tried to suggest to the powers that be
the place should belong to the Kooris instead.
how could they make such a frivolous gesture
other demands are so urgently roused?
canít give things away when you might have to pay
million or more for your school and your house.
thank God weíre here on this happy occasion,
thank God for those who were here and are gone,
thank God for Ted, for his heart and his head
his words here at Redfern now forty years on.
else can you hear liberation theology
from the pulpit and practiced as well?
else are there sermons that donít make you squirm
that donít mention building funds, bingo or hell?
of a Sunday celebration at St
Redfern in 1995.
Sunday morningís here again,
from Ryde to RozelleBay
deciding how theyíll spend the day,
theyíll go and what theyíll do -
to the mountains, go to the Zoo
for Bondi Ė thatís the ticket,
just stay home and watch the cricket.
to the Aquarium, see a shark,
the big dipper at Luna Park,
Paddyís Market Ė
can drive your car there, but youíll never park it.)
Sundays usually start off slow,
I always know where Iím going to go.
like the day to start with a treat,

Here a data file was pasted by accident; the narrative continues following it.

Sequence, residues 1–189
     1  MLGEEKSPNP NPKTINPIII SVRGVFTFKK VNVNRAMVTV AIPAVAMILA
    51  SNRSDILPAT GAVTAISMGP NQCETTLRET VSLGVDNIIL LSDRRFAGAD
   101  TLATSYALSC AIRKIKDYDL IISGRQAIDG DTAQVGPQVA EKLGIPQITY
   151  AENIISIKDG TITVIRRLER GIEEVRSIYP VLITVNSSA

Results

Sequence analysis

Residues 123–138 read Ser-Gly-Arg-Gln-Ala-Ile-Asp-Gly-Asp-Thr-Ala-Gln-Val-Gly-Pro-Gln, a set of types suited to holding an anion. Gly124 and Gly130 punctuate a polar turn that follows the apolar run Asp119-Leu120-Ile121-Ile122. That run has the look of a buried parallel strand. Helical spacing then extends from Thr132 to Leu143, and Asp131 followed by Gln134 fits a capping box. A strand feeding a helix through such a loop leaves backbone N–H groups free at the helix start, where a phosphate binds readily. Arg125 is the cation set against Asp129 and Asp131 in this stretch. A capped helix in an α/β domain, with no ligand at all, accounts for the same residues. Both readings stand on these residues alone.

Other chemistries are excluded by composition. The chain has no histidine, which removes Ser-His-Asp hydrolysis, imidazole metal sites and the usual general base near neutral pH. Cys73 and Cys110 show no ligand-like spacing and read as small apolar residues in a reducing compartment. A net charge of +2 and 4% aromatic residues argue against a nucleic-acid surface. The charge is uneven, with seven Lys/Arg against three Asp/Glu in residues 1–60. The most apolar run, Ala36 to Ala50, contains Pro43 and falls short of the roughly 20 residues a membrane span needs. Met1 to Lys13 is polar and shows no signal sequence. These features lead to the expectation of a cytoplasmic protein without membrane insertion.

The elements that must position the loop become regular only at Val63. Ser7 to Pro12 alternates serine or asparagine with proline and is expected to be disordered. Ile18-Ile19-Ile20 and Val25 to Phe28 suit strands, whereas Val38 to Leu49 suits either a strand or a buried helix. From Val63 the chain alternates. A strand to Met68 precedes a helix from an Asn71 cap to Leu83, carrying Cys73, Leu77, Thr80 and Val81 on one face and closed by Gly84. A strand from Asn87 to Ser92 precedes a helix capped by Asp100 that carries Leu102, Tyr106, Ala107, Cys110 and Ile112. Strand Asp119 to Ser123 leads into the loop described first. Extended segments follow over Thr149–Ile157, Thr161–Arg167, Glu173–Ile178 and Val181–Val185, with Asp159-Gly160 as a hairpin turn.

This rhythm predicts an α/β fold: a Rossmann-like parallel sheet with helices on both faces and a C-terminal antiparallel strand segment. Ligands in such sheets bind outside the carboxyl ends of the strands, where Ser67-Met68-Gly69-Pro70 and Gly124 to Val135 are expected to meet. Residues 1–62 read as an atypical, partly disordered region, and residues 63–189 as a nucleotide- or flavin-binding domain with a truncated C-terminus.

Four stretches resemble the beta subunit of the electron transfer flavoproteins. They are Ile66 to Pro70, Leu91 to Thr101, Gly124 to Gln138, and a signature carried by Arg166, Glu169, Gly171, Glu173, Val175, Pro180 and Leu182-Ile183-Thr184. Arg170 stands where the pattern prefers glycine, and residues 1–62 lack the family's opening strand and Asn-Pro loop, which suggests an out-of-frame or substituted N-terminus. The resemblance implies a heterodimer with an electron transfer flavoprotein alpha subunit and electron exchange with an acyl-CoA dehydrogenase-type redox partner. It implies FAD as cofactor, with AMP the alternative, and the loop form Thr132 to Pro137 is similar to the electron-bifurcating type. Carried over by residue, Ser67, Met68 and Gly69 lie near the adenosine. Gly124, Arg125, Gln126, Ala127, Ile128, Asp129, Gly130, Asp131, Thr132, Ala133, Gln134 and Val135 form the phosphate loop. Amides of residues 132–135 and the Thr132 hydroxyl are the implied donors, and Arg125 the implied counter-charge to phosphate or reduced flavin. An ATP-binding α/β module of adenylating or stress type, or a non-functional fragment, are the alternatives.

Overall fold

I go to Mass at Redfern
Mass at Redfern
miss, donít miss, donít miss Mass at Redfern!
you meet all kinds of people here
come from far and they come from near
Normanhurst and Cammeray
and Leichhardt too.
comes up from Burrawang,
thereís Eileen and all her gang
Rhonda, Harold, Sam Ė
thereís Angela pushing a pram.
and Dot and Marnie K -
all belong to RSCJ,
and David, saying "peace"
Barry, Diana and Annolies,
and Maggie, Kathy, Dan,
whoís that down there behind your backs?
can only see his hat Ė oh, itís Uncle Max!
we have all kinds of celebrations,
and weddings, funerals, wakes,
once a month thereís tea and cakes
like no church youíve been before,
a cricket match going on outside the door
kids all running round, being human
Ted, quoting from Cardinal Newman
John Shaw Neilson or Thomas Aquinas,
a hundred others, plus or minus.
the only Sydney Church that features
from women preachers
case the Archdiocese raises objections,
donít call them sermons, just "reflections").
give pride of place to Koori people
no support for St Maryís steeples.
Sunday morningís here again,
cold or summerís heat,
go to Mass in Redfern
you get there early with your Sunday missal
have you up to read the epistle
blow the whistle, or say the dismissal.
we go home now, Mum?
a moment, darling, it wonít be long
man with the beardís going to sing another song)